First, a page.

Book Review: Pondering the lives people wish they were living in ‘Rage Against the Dying’

By Becky Masterman

Rage Against The DyingYou know you’re in the hands of a talented new crime writer when a seemingly run-of-the-mill prologue from the vantage point of a psychotic killer takes a sudden, delicious twist. And you’ll recognize a significant new genre protagonist with the first sentence of chapter one: “I’ve sometimes regretted the women I’ve been.” That’s how Becky Masterman introduces Brigid Quinn, making her instantly memorable and demanding readers pay attention.

Quinn, 59, has been several women over the course of her seasoned life: “daughter, sister, cop, tough broad, several kinds of whore, lover, ideal wife, heroine killer.” Also: retired FBI agent, stellar at her job but at a huge cost to her personal life. She is now feeling her way to contentment by taking care of her dogs and keeping her new husband in the dark about past demons. There’s one particular case that haunts Quinn, as these things tend to do, but she’s trying to get past it. Until someone unfamiliar confesses to the crime, a newer FBI investigator smells something fishy, and Quinn’s suddenly slipping into professional shoes that don’t fit like they used to.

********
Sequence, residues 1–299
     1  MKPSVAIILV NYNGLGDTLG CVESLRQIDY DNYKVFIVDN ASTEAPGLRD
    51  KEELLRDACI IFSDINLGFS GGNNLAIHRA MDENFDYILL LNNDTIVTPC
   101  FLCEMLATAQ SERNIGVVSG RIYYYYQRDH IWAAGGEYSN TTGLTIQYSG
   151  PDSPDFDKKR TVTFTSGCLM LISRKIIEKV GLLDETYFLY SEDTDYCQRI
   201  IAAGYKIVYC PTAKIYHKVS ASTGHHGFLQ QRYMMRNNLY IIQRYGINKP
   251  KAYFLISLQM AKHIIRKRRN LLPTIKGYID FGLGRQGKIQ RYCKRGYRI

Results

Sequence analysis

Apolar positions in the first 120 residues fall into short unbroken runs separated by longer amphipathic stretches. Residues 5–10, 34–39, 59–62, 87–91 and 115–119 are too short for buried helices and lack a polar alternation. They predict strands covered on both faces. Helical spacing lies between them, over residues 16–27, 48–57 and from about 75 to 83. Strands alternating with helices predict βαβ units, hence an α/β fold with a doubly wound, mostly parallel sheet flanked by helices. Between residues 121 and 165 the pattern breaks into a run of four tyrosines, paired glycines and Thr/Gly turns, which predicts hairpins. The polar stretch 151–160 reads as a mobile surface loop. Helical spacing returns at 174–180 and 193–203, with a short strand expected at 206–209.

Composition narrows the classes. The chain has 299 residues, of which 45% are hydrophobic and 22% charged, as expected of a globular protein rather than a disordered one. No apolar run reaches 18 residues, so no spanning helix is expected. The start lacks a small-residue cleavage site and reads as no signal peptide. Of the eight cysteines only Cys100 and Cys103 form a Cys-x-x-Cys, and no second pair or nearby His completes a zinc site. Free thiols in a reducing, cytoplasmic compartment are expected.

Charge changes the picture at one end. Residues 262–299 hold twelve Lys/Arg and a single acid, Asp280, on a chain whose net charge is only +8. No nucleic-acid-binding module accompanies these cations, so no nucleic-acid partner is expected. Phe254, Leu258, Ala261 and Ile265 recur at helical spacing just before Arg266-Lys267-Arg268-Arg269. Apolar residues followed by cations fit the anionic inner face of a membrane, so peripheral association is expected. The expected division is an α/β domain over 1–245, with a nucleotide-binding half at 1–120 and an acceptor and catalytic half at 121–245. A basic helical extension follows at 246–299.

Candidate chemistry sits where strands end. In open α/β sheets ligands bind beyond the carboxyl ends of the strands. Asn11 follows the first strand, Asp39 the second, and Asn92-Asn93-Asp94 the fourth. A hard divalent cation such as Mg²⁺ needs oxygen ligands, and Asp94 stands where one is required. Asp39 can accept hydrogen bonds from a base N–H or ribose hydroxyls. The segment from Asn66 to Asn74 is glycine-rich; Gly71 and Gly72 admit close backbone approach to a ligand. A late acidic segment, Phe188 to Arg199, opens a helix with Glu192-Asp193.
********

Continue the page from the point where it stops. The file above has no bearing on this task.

The entire narrative of Rage Against The Dying subverts expectations. The long-ago actions of a killer give way to present-day horrors, but the violence, while blunt, never gets overly graphic. Quinn’s emotions are palpable and guide her every move but don’t overwhelm her professionalism and toughness. The twists are legion, the betrayals and surprises in plentiful supply, but Masterman keeps expert control of the plot as she puts character first. It’s not a question of hoping we’ll hear more from Masterman. It’s a given, and a demand.

Visit the Maclean’s Bookmarked blog for news and reviews on all things literary

Looking for more?

Get the Best of Maclean's sent straight to your inbox. Sign up for news, commentary and analysis.